Business of Media
Netflix loses subscribers in Australia for first time since 2015
Netflix has lost Australian subscribers for the first time since it launched locally in 2015, in a sign streaming growth is stalling and platforms are nearing a consumer ceiling amid increasing cost-of-living pressures, reports Nine Publishing’s Sam Buckingham-Jones.
Research firm Telsyte’s annual industry survey has found the rate of growth slowed for the seven most popular streaming services, which are increasingly battling for attention from the same cohort of customers. There are eight platforms with more than one million subscribers in Australia.
“Profits, partnerships, and more aggressive behaviour. There’s going to be increasing competition to win people over from other platforms,” Telsyte’s managing director, Foad Fodaghi, said. “If the market’s growing strongly, it’s growth, ‘co-opetition’ – all that. When it starts to tighten down, that’s when we see individual companies get more aggressive.”
Netflix had 6.1 million subscribers, down 3 per cent, while Amazon Prime Video was up 9 per cent to 4.5 million. Disney+ crept up 1 per cent to 3.1 million, and Stan rose 2 per cent to 2.6 million. Foxtel’s Binge rose 22 per cent to 1.5 million, Paramount+ rose 41 per cent to 1.5 million and Kayo Sports jumped 8 per cent to 1.4 million. These figures include unpaid subscriptions.
‘Not walking away because of racism’: Stan Grant on ABC exit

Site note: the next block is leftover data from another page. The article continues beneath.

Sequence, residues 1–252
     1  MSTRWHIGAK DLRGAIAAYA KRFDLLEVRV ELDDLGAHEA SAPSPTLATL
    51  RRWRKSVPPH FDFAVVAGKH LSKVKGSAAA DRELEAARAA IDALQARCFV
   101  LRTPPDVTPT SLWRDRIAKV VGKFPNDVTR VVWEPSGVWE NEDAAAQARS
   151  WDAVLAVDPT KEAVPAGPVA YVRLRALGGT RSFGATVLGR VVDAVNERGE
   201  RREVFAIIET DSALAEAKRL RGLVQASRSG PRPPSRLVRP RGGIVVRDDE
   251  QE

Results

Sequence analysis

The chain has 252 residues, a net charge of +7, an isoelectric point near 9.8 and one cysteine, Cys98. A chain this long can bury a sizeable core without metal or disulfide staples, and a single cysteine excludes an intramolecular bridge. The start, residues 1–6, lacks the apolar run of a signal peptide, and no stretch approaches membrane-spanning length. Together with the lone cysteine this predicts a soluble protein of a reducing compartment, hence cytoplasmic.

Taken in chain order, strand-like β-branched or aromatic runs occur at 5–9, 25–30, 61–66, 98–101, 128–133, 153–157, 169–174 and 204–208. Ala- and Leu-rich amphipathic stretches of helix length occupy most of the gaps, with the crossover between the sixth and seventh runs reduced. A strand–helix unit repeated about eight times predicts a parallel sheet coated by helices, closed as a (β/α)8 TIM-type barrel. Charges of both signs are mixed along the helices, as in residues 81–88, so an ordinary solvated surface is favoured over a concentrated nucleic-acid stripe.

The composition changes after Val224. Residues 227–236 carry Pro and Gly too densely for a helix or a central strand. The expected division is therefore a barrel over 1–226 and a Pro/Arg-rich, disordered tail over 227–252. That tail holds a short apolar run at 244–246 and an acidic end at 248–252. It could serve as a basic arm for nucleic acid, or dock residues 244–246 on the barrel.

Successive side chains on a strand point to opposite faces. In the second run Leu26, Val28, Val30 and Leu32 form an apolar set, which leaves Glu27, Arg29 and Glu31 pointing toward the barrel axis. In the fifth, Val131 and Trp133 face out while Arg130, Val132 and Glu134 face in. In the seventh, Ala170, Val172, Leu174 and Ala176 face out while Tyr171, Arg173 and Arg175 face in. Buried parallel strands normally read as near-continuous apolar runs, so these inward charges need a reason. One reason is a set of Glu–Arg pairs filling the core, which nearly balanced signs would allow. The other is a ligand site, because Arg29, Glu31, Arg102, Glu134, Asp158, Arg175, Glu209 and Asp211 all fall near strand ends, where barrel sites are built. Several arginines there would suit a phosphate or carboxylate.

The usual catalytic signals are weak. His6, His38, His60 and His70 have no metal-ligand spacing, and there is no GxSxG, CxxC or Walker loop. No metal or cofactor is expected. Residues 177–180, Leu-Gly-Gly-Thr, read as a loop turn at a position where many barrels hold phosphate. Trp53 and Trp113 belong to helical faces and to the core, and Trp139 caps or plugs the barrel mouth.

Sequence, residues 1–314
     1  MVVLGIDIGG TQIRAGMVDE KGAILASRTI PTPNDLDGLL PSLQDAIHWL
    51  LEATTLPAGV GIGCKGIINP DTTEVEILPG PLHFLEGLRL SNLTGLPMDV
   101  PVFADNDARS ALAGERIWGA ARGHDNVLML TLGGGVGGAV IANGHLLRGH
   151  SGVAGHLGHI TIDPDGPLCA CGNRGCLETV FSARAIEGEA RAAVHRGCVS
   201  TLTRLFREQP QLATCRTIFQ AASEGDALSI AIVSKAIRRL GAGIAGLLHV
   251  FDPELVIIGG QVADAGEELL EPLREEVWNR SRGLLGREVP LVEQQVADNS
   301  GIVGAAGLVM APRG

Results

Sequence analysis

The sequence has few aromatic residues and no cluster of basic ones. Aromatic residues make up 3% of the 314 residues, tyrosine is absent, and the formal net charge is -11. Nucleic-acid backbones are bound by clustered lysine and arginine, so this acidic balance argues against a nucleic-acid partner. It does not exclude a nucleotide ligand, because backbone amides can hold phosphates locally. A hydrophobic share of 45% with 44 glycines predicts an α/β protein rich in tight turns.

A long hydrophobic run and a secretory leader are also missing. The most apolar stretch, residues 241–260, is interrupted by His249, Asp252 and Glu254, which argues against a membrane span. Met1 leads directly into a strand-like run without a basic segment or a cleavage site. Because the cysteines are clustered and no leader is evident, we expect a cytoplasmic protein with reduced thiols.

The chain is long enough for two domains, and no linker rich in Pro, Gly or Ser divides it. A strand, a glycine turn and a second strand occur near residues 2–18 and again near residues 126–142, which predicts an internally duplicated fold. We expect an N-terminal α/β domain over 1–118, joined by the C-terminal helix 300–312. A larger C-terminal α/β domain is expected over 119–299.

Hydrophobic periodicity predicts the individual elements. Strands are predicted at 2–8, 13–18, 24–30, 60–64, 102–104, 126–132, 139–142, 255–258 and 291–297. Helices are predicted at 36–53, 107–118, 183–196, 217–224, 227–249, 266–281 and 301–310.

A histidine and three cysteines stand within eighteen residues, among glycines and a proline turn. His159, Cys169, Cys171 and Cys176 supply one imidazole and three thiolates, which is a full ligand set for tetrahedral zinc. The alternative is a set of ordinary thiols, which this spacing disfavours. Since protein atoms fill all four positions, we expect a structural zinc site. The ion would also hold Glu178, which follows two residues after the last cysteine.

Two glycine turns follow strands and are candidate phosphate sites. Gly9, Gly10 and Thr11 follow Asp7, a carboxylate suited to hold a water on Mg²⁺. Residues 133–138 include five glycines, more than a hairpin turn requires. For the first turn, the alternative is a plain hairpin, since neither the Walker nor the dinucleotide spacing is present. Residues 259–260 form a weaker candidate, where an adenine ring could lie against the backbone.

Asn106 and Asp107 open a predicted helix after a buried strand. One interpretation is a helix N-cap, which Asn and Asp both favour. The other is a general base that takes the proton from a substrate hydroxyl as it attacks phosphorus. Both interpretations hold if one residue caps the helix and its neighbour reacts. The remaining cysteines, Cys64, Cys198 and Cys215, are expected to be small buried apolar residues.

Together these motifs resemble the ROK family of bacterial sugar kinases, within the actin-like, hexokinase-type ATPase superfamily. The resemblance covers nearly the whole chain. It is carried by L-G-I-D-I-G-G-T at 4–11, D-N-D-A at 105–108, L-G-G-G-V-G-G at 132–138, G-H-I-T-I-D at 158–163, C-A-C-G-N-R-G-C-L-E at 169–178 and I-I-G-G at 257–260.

Recently departed ABC star Stan Grant says to conflate his exit from the broadcaster as being down solely to racism would be wrong, reports Nine Publishing’s Calum Jaspan.
“People wanted to frame this as me stepping away because of racism. That was not the case,” Grant said. “I’m not walking away because of racism, I’m walking away because of the media.”
After Grant stepped away from Q+A in May, a number of his colleagues at the broadcaster shared their experiences of racism, with rallies breaking out in support of Grant and against racism.
However, Grant, who is transitioning into academia, says pinning his departure purely on racism is to misunderstand and “misread” the events following the ABC’s controversial coronation coverage, and the treatment he faced leading up to his decision to quit.
Telstra escalates platform wars with $50m Fetch TV bet
Telstra kicked off its $50 million bet on entertainment and content aggregation, relaunching streaming platform Fetch to replace Telstra TV for its 700,000 users, reports Nine Publishing’s Sam Buckingham-Jones.
In April last year, Telstra bought a 51 per cent stake in Fetch TV, which combines multiple streaming services and channels into one home screen for televisions.
Over the next year, the telco will reach out to its Telstra TV customers to move them onto a Fetch device instead. Telstra TV has previously operated on a platform provided by US firm Roku. Adding Telstra TV’s existing customers, there will be 1.3 million Australian homes using Fetch.
How new Snapchat boss plans to increase its reach
Snapchat’s new Australian boss says the multimedia messaging platform is more than just an app for kids, releasing data showing 45 per cent of its eight million monthly active users in Australia are older than 25, reports Nine Publishing’s Calum Jaspan.
Tony Keusgen joined Snap, the parent company of the 12-year-old multimedia messaging app, in May, ending a 20-month stint as data and tech company Quantium’s global chief customer officer. Despite perceptions the app is just for teens, Keusgen claims Snapchat “owns the under 40 space”.
About 75 per cent of Australians aged between 13-24 use Snapchat on a monthly basis, he says, with users opening the app 40 times a day on average. Of its eight million monthly active users in Australia, 45 per cent are above 25 years of age, new data from the company shows.